Check out these six careers with staying power.
If you're looking for a stable career, you're probably not alone. While some careers are struggling, others are on the rise.
In fact, the U.S. Department of Labor projects many industries - including health care and education - to experience high growth between 2010 and 2020, according to a February 2012 economic news release.
And while there are quite a few careers that are on the rise, we've highlighted six of them - all from different industries. Keep reading to learn more...
Career #1 - Medical and Health Services Manager
Do you have good management skills? Think you might enjoy running a medical practice? If so, consider a career as a health services manager.
Job Details: Health services managers typically manage finances of a department or facility, organize records like the number of inpatient beds used, and communicate with other members of the medical staff, according to the U.S. Department of Labor.
Lasting Qualities: The Department of Labor projects employment in this field to grow 22 percent, which is equivalent to 68,000 jobs, from 2010 to 2020. The Department says managers will be needed to organize medical information and supervise health care staffs.
Education Options: Most health services managers have at least a bachelor's degree in health administration. Master's degrees in health services, public health, public administration, or business administration are also common in the field, according to the Department.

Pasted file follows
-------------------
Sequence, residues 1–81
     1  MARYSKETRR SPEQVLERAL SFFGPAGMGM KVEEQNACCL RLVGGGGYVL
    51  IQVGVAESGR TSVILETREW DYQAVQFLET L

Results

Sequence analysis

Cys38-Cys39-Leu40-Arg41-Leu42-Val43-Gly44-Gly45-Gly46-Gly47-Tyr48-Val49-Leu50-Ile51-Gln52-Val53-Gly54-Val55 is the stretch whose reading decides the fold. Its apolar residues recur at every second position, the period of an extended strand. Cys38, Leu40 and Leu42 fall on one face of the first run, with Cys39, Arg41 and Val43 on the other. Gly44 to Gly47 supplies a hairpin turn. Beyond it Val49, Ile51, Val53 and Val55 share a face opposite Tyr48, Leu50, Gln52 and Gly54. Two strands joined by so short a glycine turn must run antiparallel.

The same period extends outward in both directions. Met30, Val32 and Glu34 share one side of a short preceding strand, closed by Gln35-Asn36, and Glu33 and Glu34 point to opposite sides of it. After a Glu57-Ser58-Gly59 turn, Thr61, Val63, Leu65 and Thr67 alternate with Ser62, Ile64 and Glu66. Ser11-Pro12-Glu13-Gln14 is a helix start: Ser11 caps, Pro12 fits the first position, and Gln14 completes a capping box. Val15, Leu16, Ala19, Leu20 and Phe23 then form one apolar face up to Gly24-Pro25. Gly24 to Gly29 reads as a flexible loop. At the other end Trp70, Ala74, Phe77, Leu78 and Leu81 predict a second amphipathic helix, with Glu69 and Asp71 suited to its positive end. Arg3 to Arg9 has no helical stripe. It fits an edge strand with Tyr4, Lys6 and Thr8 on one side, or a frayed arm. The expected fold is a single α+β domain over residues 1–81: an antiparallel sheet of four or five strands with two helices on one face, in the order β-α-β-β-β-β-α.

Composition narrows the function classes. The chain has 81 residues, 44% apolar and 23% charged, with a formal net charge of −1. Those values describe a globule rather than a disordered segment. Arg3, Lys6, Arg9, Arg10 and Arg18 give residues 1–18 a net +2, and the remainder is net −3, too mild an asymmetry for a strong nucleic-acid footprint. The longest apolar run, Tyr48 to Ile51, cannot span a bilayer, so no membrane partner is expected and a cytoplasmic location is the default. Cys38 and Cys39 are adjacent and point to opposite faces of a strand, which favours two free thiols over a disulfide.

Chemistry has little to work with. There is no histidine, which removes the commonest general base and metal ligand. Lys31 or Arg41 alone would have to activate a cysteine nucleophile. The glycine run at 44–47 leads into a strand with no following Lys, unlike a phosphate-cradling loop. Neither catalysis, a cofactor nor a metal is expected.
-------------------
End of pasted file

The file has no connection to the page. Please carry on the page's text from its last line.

Career #2 - Public Relations Specialist
If you're good at creating and maintaining relationships, a career as a public relations specialist might be for you.
Job Details: Most public relations specialists prepare information for publication in the media. It is also likely that some will develop and maintain their organization's corporate image and identity, according to the U.S. Department of Labor.
Lasting Qualities: Changes are taking place in the communications world, especially when it comes to the Internet and social media. New media - and the rapid spread of information on the Internet - will create more work for public relations workers, according to the Department of Labor. This could explain why the Department projects the field to see a 23 percent growth, or 58,200 new jobs, from 2010 to 2020.
Education Options: Most employers require a bachelor's degree in public relations, communication, or journalism.
Career #3 - Personal Financial Advisor
Do you have good analytical skills? Is math your favorite subject? If you answered yes to either question, consider a career in personal financial advising.
Job Details: If this career is for you, you'd likely spend most of your time meeting with clients in person to discuss their financial plans. According to the U.S. Department of Labor, you'd monitor your clients' accounts, recommend investments, and help clients plan for specific circumstances.
Lasting Qualities: Just as the health care industry will benefit from baby boomer retirees, this industry will, too. Why? Because according to the Department of Labor, the aging population will likely seek financial planning advice as they reach retirement. As a result, the Department predicts a 32 percent job growth from 2010 to 2020. That's equivalent to 66,400 jobs.